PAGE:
Sheila Jackson, musical guest, sings a song during the National Prayer Luncheon at The Landing’s ballroom March 11. (Photo by Nathan Pfau)
Published: March 21, 2016
FORT RUCKER, Ala. (March 21, 2016) -- Prayer and spirituality can be a powerful tool for many to help get through difficult times, and Fort Rucker celebrated the National Prayer Luncheon as a way to increase spiritual resiliency.
Members of the local community came together at The Landing’s ballroom March 11 for the National Prayer Luncheon, where they had the chance to participate in fellowship to pray for the nation, Soldiers and families.
Throughout the ceremony, songs were sung, scriptures were read and prayers were made, and Chaplain (Col.) Marc S. Gauthier, U.S. Army Training and Doctrine Command chaplain, was on hand to offer his words.
“Hurry up and wait on the Lord,” he said during the ceremony. “Think about what that means for us pursuing faith.”
Gauthier painted a picture of two different birds to help with the analogy – the hummingbird and the soaring eagle.
“God wants us to soar like eagles, but often we are just buzzing around like hummingbirds at a furious pace, our pulse overwhelmed and we can barely catch our breath,” he said.
These two birds represent two types of strength – the limited strength of the hummingbird, and the strength that God puts in us like wind under the wings of eagles.
Gauthier said the concept is wrapped in the five Ws – what, who, when, where and why.
“The what we must do is wait,” he said. “When you think of waiting, you might think it’s an inconvenience in life. It’s not waiting for the Lord, but it’s waiting on the Lord. It’s an attitude and an expectation. We’re talking about waiting on a good thing and that’s waiting on God.”
God is who we should be waiting on, he added, rather than waiting on ourselves.
“We have a broken default mechanism in our waiting, and we tend to default back to waiting on our own strength, which is limited and will not get us anywhere,” said the TRADOC chaplain, adding that when we should wait on the lord is “all the time.”
“One of my purpose statements as the command chaplain of TRADOC is to strengthen the warrior’s soul,” he said. “When you’ve got a warrior who’s got a strong soul, you’ve got a warrior who can do just about anything and everything.”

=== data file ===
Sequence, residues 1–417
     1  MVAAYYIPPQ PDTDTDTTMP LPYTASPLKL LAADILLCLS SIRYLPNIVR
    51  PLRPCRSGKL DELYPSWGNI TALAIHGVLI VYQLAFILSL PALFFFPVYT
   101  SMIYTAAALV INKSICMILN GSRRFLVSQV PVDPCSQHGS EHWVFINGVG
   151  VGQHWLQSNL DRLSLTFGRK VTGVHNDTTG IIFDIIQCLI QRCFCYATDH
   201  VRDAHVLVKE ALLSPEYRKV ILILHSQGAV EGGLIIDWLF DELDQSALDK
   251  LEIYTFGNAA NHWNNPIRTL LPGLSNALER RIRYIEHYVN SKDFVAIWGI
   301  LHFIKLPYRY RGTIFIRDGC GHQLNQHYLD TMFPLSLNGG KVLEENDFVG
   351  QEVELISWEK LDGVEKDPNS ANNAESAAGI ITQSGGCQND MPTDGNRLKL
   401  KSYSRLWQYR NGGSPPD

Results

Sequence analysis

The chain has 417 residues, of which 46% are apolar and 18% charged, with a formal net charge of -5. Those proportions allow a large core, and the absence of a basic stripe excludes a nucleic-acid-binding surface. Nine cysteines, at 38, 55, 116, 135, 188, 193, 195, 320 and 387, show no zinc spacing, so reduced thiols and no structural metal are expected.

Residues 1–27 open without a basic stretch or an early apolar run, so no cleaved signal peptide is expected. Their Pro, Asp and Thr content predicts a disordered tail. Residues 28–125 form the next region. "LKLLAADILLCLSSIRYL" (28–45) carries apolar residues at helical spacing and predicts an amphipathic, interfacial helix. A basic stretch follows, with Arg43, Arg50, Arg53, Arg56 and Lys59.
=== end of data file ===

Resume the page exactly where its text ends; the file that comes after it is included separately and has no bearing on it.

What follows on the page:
Gauthier shared a story about how he fulfilled a life-long dream of learning to fly sailplanes and gliders.
“When you learn to fly in a sailplane, it is an amazing experience because you’re pulled by a tow plane, and your life becomes a tunnel-vision aperture when you’re behind that aircraft,” he said. “When you get up to altitude, you pull that towline and all that you hear in the sailplane is the sound of the wind. The art of flying gliders is you fly in those rising pockets of air called thermals, and when you feel the aircraft go up just a little bit, you start to get inside the circumference of that thermal and you rise.
“I only got it right one time in a sailplane, and I felt the uptick and I started to bank the aircraft, and what an amazing thing to be in an aircraft without a motor and to see your altimeter going clockwise,” said the chaplain. “That for you and me is a picture of what it means to wait on the Lord. The eagle is equipped to do what he needs to do, but he needs the rising pocket of air to be able to gain his altitude, and for you and I, how we wait on the lord and how we rise up on wings like eagles is we find the sweet spot – the pocket of God’s presence.”
Gauthier said the reason we must wait on the lord is because we, as humans, are not strong enough.
“Our physical strength, our emotional strength, our mental strength will eventually be no more. If you and I bank on our own strength, then you and I will be bankrupt,” he said. “God’s arm is long enough, and God’s hand is strong enough, and God’s love is great enough to pull you out of the hole and put you in a place where you can fly like an eagle in the pocket of God’s presence. Your soul is like a home, and God wants to dwell in that place. Invite him in and wait on the Lord all the time.”
This is an official U.S. Army web site.
The appearance of external hyperlinks does not constitute endorsement by the U.S. Army of this Website or the information, products, or services contained therein. For other than authorized activities such as military exchanges and MWR sites, the U.S. Army does not exercise any editorial control over the information you may find at these locations. Such links are provided consistent with the stated purpose of this Website.